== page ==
“Query” in the Semantic Web context means technologies and protocols that can programmatically retrieve information from the Web of Data.
The Semantic Web is a Web of data — of dates and titles and part numbers and chemical properties and any other data one might conceive of. RDF provides the foundation for publishing and linking your data. Various technologies allow you to embed data in documents (RDFa, GRDDL) or expose what you have in SQL databases, or make it available as RDF files.
However, just as relational databases or XML need specific query languages (SQL and XQuery, respectively), the Web of Data, typically represented using RDF as a data format, needs its own, RDF-specific query language and facilities. This is provided by the SPARQLquery language and the accompanying protocols. SPARQL makes it possible to send queries and receive results, e.g., through HTTP or SOAP.
Technically, SPARQL queries are based on (triple) patterns. RDF can be seen as a set of relationships among resources (i.e., RDF triples); SPARQL queries provide one or more patterns against such relationships. These triple patterns are similar to RDF triples, except that one or more of the constituent resource references are variables. A SPARQL engine would returns the resources for all triples that match these patterns.
Using SPARQL consumers of the Web of Data can extract possibly complex information (i.e., existing resource references and their relationships) which are returned, for example, in a table format. This table can be incorporated into another Web page; using this approach SPARQL provides a powerful tool to build, for example, complex mash-up sites or search engines that include data stemming from the Semantic Web.
The short introduction on inferences includes a small example with a dataset containing the triple (Flipper isA Dolphin). Using SPARQL the user may issue a query of the form (Flipper isA ?species) where ?species denotes a variable. The query engine checks through the data and retrieves the value of Dolphin as a possible value for ?species which constitutes a possible answer to the query. The dataset may also contain the triple (Flipper isA Mammal) (e.g., as a result of an inference); in this case Mammal is also a possible value for ?species which should also be returned as a result of the query. By providing several triple patterns, complex queries can be created and used by the application.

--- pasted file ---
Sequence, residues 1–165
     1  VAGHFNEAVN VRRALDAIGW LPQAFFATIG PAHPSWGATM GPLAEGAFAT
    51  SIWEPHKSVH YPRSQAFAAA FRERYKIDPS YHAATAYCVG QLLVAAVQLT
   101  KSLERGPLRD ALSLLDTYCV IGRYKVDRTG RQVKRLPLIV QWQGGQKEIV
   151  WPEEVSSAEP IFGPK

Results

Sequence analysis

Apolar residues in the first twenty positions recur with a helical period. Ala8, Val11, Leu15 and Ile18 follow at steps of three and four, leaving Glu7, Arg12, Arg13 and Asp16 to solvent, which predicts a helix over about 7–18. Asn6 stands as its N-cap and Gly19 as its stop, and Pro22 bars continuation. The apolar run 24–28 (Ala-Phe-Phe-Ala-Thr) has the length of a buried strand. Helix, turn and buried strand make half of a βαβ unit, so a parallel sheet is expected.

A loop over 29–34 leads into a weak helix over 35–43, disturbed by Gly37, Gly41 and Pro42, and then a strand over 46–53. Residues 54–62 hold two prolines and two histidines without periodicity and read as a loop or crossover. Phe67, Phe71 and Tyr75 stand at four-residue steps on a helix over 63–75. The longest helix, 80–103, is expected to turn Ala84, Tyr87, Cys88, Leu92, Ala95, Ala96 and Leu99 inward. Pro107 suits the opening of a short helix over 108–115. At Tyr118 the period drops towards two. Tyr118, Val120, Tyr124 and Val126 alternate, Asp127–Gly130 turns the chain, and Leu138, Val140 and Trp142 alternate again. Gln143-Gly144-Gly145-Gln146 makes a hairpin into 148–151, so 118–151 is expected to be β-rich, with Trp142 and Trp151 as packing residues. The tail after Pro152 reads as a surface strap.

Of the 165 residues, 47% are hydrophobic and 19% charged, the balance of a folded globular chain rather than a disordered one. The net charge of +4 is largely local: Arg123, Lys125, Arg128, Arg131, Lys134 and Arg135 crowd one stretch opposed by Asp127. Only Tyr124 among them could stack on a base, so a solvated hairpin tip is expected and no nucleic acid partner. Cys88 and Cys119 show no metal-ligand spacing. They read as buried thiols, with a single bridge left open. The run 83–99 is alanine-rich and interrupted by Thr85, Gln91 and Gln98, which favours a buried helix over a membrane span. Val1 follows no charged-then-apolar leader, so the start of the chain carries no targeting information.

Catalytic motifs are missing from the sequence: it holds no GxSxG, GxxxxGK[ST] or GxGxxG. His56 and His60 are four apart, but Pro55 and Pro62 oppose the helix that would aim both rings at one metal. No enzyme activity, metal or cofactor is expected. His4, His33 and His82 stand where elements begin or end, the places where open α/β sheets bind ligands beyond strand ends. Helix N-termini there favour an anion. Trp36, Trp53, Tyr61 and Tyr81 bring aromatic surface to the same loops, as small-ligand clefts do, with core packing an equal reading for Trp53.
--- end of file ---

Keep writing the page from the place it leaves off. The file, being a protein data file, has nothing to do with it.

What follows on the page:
The Semantic Web community maintains a list of books on a W3C Wiki page. Some of those books are introductory in nature while others are conference proceedings or textbook that address more advanced topics. Details of recent and upcoming Semantic Web related talks, given by the W3C Staff, the staff of the W3C Offices, and members of the W3C Working Groups are available separately; the slides are usually publicly available. The W3C also maintains a collection of Semantic Web Case Studies and Use Cases that show how Semantic Web technologies, including queries, are used in practice. Finally, the Semantic Web FAQ may also be of help in understanding the various concepts.